Continuing the look at synonyms through the eyes of the etymologist, this time it is the letter N and new. As a simple and monosyllabic word, 'new' has hardly changed since Proto-Indo-European newo and with the same meaning. That we find other Germanic languages with very similar words: Old Saxon niwi, Old Frisian nie, Middle Dutch niuwe, Old High German niiwl and Danish (and Swedish) ny is telling, as are the non-Germanic languages with similar words, such as: Sanskrit navah, Persian nau, Hittite newash, Greek neos, Lithuanian naujas, Old Church Slavonic novu, Russian novyi, Latin novus, Old Irish nue, and Welsh newydd. The point is, with it being common to so many languages, it can not have ever meant anything else and must be ancient in the extreme. For the same reason that the word is so ancient, synonyms of 'new' are rarely needed. Indeed many of the following are only synonyms due to modern usage.
Fresh has, for most of its history, simply been used to refer to food, albeit not as we would think today but in the sense of 'not salted' - salting being the method of preservation for much of human history. Not until the 14th century did it come into use as a synonym for 'new' and it's roots are unclear, even though it is common to most Latin and Germanic languages.
Novel is used in this sense, at least since the 15th century, at least a century before it was used as a noun. Interestingly, the word 'novel' is from 'novella', itself a Latin term meaning 'new things'.
Original is clearly from 'origin', and while it seems odd to be talking of the origins of the word 'origin', he goes. This is from Latin originem. 'a rise, commencement, source, descent', and can betraced to the Proto-Indo-European heri 'to rise'.
Contemporary is a complex word, which is a good indication it is comparatively modern. Thus we can get rid oc the first syllable, leaving the root 'temporal', itself from Proto-Indo-European temp-os 'stretched' and ten 'to stretch', both used in the sense of 'time'.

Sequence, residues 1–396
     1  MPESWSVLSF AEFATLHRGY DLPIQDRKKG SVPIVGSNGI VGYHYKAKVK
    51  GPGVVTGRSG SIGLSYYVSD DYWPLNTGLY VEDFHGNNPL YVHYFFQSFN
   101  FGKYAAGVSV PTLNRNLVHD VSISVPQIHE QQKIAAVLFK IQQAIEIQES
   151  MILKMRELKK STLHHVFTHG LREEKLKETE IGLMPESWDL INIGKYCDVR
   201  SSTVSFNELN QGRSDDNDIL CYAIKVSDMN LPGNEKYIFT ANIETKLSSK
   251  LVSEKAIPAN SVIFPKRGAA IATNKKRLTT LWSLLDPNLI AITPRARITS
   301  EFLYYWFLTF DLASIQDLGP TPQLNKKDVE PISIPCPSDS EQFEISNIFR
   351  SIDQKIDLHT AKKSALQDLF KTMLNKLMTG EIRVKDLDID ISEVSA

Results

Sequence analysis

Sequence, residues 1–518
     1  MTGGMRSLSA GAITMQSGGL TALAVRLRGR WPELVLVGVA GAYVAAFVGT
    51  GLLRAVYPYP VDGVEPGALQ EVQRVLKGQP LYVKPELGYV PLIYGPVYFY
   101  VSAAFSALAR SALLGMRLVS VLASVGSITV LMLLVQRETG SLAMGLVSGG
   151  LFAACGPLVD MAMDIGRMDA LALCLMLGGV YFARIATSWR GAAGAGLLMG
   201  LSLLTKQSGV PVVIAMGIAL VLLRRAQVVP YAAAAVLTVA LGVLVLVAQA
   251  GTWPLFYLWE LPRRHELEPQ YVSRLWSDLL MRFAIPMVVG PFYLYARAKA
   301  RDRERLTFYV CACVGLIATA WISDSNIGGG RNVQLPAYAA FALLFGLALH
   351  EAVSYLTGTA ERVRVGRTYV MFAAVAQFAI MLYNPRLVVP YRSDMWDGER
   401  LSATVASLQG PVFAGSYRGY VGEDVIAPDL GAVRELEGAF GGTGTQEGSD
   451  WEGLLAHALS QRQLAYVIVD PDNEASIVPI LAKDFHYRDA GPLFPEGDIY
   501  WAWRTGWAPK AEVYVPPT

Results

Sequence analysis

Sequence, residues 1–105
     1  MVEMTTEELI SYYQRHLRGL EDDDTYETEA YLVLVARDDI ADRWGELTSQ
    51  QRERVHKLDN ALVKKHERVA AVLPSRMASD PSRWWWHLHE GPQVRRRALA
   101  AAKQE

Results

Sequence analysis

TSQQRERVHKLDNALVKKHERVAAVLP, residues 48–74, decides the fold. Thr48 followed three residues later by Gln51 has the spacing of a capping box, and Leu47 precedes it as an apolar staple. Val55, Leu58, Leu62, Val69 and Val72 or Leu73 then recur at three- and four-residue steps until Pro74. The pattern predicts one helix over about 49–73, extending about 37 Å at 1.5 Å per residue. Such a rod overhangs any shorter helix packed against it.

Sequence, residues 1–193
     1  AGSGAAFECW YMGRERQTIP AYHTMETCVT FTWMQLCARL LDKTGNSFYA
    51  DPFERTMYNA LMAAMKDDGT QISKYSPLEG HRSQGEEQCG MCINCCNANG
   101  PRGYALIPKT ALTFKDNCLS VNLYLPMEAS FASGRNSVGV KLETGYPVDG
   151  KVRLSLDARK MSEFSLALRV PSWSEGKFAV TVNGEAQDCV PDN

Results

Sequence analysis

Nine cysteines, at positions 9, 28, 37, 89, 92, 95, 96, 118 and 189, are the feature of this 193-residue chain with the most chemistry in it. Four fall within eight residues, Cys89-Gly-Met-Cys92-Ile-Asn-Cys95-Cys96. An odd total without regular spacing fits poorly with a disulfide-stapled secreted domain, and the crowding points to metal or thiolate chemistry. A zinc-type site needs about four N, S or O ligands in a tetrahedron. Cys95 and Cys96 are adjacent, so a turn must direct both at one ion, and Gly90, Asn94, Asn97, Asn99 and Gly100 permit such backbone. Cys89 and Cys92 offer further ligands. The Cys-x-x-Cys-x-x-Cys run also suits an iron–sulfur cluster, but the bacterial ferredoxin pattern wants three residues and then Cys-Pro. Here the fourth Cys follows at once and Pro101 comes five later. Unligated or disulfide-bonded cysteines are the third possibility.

Upgraded comes from 'up' added to 'grade', itself a word which has meant 'to step, walk' for much of its existence and found in Latin gradus and Proto-Indo-European ghredh.
Recent comes from the Latin recentem meaning 'fresh, young' as much as 'new'. It can also be seen in Sanskrit kanina 'young'. Old Irish cetu 'first', and Breton kent 'earlier'.
Current in the 'contemporary' sense is unknown prior to around 1600. It came from the noun, describing movement and, as an adjective, is used in the sense of 'keeping up with the times'. The noun comes from Proto-Indo-European kers 'to run'.
Latest, the superlative of 'late', is first seen in 1520 and used to mean 'the last in order'. The word 'late' has an odd history, for the Old English laet meant 'slow, sluggish, lax', Old Norse latr 'lazy', Gothic lats 'weary', and all from Proto-Indo-European le 'to let go'.
Mint - and I could not resist including a little modern slang. Little surprise to find it came to be used in this sense from the idea of a freshly-minted coin. The place where a coin is produced, the 'mint', is derived from the same source as the word 'money' - Latin moneta, first seen in English in mynet, the Old English word meaning 'coin, money'.